* Afghanistan: Americans currently lean more toward increasing the number of troops in Afghanistan than reducing them, 47% to 39%. So, if Obama chooses to send more troops, he'll enjoy more support than opposition, but with less than a majority behind the decision itself and 66% saying the situation there is going badly, it'll take results to get more than half of Americans on his side on that issue.

* Healthcare: Our data on Americans' views about healthcare are extensive and nuanced. Americans divide closely, 50% to 47%, on whether it is the federal government's responsibility to make sure all Americans have healthcare coverage. They rate U.S. healthcare coverage more positively than they did a year ago, but they see "access" as the most urgent problem. Our lead story for Monday morning reviews Americans' latest advice for Congress -- finding 49% against or leaning against reform and 44% for or leaning for it. Again, lawmakers please less than a majority either way. (Update: Read the story.)

* The Economy: It's picking up again as the most important problem. A majority (58%) name an economic issue as the most important problem facing the country, including 31% who say the economy in general and 20% who name unemployment. If these numbers keep ticking higher, while job creation and consumer spending continue to languish, it will be difficult for the president to post significant approval gains more broadly.

We expect to see action on each of these issues soon beginning with Obama's Tuesday announcement on Afghanistan, his Thursday forum on jobs, and floor debate in the U.S. Congress on healthcare.

Our most recent USA Today/Gallup poll asked Americans to rate President Obama's job performance on seven specific issues: the economy, the situation in Afghanistan, healthcare policy, energy policy, terrorism, global warming and creating jobs. We'll report what we found on these measures next week, while, of course, continuing to track Obama's overall job approval rating daily. In the meantime, here's more on where Obama stands compared with other presidents with a long way to go.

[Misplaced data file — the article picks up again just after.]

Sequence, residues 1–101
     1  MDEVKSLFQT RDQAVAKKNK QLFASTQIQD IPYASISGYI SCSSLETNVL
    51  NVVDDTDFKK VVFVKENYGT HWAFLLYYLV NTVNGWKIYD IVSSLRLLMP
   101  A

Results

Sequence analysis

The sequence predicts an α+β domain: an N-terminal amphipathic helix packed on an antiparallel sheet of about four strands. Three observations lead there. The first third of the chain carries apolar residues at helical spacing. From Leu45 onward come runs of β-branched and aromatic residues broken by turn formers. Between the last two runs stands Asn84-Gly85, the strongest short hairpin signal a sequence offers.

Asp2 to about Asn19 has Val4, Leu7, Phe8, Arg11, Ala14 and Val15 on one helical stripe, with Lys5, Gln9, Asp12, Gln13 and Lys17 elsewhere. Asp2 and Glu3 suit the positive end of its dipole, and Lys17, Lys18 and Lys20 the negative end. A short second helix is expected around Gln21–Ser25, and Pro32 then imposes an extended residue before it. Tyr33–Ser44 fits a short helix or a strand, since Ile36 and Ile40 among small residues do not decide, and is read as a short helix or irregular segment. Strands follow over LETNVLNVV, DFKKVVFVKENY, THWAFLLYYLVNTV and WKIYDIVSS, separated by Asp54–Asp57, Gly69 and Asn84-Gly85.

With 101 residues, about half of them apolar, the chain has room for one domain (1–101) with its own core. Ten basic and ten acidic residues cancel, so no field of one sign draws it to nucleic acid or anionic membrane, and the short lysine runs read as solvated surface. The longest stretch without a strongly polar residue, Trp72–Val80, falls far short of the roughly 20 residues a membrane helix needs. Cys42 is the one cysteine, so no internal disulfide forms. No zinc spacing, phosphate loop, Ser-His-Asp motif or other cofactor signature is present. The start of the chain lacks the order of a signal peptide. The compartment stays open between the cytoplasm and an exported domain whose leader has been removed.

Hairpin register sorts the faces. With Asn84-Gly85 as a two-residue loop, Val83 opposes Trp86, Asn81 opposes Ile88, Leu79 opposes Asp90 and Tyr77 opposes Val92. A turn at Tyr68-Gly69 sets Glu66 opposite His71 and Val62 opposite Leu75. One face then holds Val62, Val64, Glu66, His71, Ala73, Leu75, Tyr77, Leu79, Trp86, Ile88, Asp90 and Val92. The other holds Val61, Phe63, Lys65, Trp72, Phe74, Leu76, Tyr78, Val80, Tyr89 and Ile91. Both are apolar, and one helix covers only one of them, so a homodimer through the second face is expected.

Monday, November 23, 2009

Setting the Scene for Black Friday

A hot topic for the week is what to expect on "Black Friday." As analysts note, it's not just whether Americans turn out to shop on the much-hyped Friday after Thanksgiving, but how much their desire for bargains ultimately helps or hurts retailers' bottom lines.

Since Gallup tracks self-reported U.S. consumer spending on a daily basis, we'll be able to gauge right away how much U.S. shoppers hand over at the cash register and online this weekend, as well as how it compares to last year. Our consumer spending trend finds daily discretionary spending clearly down from where it was a year ago, though there have been some signs of life during recent weekends.


In the midst of extreme global economic angst last year, we did record an upturn in spending on Black Friday, though spending returned to more typical spending levels the very next day. We then recorded relatively higher spending in the week following Thanksgiving followed by a slide in late December and early January.